An estimated 30 percent of American households have at least one cat. About 40 percent have at least one dog. But how long have they been among us? Turns out that dogs and cats have been in the lives and homes of our ancestors for thousands of years.
History of Cats
Cats were first domesticated in the Near East about 10,000 years ago. The modern domestic cat is descended from a wild ancestor called Felis silvestris lybica. All 600 million housecats in the world can be traced back to five females of this species. They lived in forests before they moved into villages. Ancient Egyptians worshipped a cat goddess and had their beloved pets mummified and buried with them, along with mummified mice.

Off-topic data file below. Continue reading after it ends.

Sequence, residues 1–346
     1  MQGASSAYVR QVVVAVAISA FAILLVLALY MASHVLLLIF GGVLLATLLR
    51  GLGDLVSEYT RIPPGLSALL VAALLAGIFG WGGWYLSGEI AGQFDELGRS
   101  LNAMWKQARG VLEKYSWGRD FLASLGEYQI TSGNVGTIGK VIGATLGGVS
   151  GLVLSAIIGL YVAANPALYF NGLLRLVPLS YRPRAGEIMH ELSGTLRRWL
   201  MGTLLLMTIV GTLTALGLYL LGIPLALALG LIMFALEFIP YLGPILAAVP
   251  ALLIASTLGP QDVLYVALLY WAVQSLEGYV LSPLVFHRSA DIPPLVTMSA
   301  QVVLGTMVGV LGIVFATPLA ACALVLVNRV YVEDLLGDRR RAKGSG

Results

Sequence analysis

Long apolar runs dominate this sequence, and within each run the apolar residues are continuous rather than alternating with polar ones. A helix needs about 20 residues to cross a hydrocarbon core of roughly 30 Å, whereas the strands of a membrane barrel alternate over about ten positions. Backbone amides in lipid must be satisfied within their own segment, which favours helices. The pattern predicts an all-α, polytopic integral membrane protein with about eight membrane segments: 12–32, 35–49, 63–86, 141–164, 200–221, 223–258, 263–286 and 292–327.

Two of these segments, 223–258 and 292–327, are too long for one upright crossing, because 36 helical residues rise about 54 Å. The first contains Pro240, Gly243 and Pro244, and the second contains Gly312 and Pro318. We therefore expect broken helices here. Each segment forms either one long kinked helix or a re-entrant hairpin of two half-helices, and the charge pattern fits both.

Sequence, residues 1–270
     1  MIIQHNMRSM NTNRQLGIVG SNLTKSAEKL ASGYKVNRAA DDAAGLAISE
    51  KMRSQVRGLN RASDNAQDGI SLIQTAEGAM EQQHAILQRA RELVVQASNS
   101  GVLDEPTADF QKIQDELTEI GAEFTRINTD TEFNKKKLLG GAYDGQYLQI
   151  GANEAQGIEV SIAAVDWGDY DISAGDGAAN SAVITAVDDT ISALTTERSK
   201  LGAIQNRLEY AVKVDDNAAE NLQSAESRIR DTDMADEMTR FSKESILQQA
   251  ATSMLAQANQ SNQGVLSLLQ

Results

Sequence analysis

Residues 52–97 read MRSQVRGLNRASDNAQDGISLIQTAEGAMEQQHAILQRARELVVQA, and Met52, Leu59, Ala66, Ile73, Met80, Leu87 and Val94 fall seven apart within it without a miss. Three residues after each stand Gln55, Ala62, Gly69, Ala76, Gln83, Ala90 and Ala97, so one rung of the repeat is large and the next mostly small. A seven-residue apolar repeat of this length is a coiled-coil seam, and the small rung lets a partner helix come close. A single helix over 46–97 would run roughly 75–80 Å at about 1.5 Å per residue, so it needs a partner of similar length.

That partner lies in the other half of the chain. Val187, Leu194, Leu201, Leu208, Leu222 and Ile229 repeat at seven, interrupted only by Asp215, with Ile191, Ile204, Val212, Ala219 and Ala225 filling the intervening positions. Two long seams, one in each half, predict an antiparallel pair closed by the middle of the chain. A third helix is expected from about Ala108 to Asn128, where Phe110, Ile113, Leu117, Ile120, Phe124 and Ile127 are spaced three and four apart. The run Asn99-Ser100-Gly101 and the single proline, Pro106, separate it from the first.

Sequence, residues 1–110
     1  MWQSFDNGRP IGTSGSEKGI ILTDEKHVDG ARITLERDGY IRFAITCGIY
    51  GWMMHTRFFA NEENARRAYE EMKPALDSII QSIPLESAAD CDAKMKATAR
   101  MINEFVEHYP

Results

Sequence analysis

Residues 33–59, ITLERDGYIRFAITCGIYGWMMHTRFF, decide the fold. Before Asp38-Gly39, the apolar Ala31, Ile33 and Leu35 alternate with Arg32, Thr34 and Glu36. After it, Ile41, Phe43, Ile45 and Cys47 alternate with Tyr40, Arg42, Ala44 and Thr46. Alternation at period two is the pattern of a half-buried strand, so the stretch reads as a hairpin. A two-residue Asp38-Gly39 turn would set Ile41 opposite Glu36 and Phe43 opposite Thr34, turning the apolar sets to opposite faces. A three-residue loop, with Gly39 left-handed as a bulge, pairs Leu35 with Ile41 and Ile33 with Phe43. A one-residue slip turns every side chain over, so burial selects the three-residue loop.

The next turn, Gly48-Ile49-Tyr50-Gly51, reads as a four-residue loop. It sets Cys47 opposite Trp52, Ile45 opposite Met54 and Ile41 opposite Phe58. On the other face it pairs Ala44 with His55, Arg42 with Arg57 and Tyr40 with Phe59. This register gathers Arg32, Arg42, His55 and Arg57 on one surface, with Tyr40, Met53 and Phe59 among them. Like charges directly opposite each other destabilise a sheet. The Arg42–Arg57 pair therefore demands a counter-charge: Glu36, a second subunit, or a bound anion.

Domestication of Cats
Cats are unique in that they are the only animals known to have domesticated themselves. When humans stopped following herds and began to farm, grains were staple crops. Harvested grains attracted rodents, which in turn attracted cats. Humans observed and appreciated the rodent control. They, in turn, allowed cats to stay, and they protected and fed them.
History of Dogs
Dogs are thought to be the first animals to be domesticated. They have been our companions for 10,000 years -- probably just a little bit longer, in the historical scheme of things, than cats. Some scientists believe that the ancestor of all dogs, both wild and domesticated, is the small South Asian wolf.
Domestication of Dogs
Dogs were domesticated by the lure of an easy meal. While humans were still hunter-gatherers following herds, canine ancestors were drawn to their camps by the smell of food and followed to scavenge leftovers. When humans realized they would bark when predators were near, they began to feed them willingly. Dogs have loyally followed and protected us ever since.
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